Reyes pointed to how the rise of the Margaret Hunt Hill Bridge over the Trinity River into West Dallas brought drastic changes to his neighborhood. The Trinity Groves restaurant park and new luxury apartments shot up while, last year, there was a near mass eviction of some 300 low-income residents living in houses that couldn’t be brought up to newer, more stringent city codes.

This was far from the first time roads altered the face of a community, however. The panel brought up the construction of the Dallas North Tollway, which wiped Little Mexico off the map and dispersed the city’s Latino community. This is just one of many examples of the deliberate actions Dallas took to segregate the city, Blaydes said. “Gentrification only amplifies our history,” Reyes said.

Affordable housing is at the heart of the discussion because of its importance and because of its diminishing supply. “Housing ends up being the predictor of your ability to access a lot of things,” Neergaard said. “Will you be able to access healthcare, a quality education? We’re getting to the point where we can predict how long someone is going to live based on the ZIP code they are born into. That is disturbing to me.”

To combat this inequality, there’s a need for a better distribution of resources, and for the creation of more density in the city. This would call for measures such as the addition of multifamily housing units in neighborhoods oriented toward single-family development, or the building of accessory dwelling units, a fancy phrase to describe something like a garage apartment or a small backyard guest house. In order to do this, though, Dallas will need to adopt a housing policy.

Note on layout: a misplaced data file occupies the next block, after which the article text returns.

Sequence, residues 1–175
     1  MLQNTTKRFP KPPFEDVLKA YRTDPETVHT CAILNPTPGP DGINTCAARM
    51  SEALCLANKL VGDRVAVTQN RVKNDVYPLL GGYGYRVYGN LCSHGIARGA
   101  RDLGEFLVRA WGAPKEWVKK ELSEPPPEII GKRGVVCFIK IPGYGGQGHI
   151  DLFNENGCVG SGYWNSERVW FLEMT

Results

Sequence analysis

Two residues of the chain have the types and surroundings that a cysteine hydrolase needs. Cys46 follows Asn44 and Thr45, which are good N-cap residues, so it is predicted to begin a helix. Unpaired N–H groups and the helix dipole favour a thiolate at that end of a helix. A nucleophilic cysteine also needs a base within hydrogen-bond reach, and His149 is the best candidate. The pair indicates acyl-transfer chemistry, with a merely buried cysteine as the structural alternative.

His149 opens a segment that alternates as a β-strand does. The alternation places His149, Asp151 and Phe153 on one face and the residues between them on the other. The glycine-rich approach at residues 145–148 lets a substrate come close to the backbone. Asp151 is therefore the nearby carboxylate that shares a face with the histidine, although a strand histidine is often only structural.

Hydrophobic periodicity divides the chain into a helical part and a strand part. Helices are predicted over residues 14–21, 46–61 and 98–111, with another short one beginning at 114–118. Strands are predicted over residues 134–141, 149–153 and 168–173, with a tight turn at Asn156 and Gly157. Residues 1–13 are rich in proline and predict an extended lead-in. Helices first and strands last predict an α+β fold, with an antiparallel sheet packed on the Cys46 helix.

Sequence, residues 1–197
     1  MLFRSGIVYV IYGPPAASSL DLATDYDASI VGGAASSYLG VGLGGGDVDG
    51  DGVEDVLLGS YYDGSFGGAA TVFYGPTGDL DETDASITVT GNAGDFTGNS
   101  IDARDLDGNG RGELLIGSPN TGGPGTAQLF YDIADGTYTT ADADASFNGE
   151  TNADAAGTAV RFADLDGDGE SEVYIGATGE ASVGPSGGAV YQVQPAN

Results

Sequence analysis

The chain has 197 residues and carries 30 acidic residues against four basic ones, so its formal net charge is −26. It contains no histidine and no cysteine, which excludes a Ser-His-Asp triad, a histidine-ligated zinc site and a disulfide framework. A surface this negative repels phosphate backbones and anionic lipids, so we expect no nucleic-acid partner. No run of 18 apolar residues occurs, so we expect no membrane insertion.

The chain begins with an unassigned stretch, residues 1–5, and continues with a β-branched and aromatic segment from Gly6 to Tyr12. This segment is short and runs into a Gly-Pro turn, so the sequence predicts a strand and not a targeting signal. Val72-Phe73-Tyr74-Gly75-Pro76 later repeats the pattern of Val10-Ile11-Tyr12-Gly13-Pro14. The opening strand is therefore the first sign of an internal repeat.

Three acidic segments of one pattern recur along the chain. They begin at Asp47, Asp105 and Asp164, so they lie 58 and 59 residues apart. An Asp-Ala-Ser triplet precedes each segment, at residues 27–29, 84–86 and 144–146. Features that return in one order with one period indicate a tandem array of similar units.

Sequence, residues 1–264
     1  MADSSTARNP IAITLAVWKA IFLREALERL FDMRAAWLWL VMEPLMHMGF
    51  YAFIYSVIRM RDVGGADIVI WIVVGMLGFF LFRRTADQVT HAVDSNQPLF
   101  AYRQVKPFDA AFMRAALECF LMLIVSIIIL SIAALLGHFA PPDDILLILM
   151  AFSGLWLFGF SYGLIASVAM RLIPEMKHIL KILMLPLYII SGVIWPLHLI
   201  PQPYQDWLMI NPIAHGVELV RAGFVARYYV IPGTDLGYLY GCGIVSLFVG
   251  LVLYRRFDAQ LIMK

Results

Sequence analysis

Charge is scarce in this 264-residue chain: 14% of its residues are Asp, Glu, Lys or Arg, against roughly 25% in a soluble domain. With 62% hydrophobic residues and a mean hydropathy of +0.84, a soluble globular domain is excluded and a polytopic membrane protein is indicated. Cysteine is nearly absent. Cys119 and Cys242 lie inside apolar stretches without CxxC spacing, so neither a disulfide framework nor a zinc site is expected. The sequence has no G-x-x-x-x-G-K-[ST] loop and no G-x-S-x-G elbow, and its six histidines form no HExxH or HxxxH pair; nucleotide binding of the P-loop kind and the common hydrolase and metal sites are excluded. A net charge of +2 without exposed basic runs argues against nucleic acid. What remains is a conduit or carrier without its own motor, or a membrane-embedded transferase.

Recently, the nonprofit Opportunity Dallas presented 29 housing proposals to the city. Both Blaydes and Reyes are members of the group, whose mission is focused on creating greater economic mobility for Dallas residents. Neergaard and bcWorkshop are also working on a State of Dallas Housing report that will be presented to the city later this year. As it inches toward finally creating a comprehensive policy, the city will also look at a regional housing assessment conducted by researchers from the University of Texas at Arlington.

It’s not just nonprofits, universities, and urbanists speaking on panels who can influence the city’s future housing and development policy. To a person, the panelists encouraged people to take an active role in their neighborhoods, investing in the building of inclusive communities and contacting their representatives. After all, as Reyes noted at the beginning of the night, it’s our city.

“We are all neighbors,” Reyes said. “And how we value each other, that’s how we will create the city that we want.”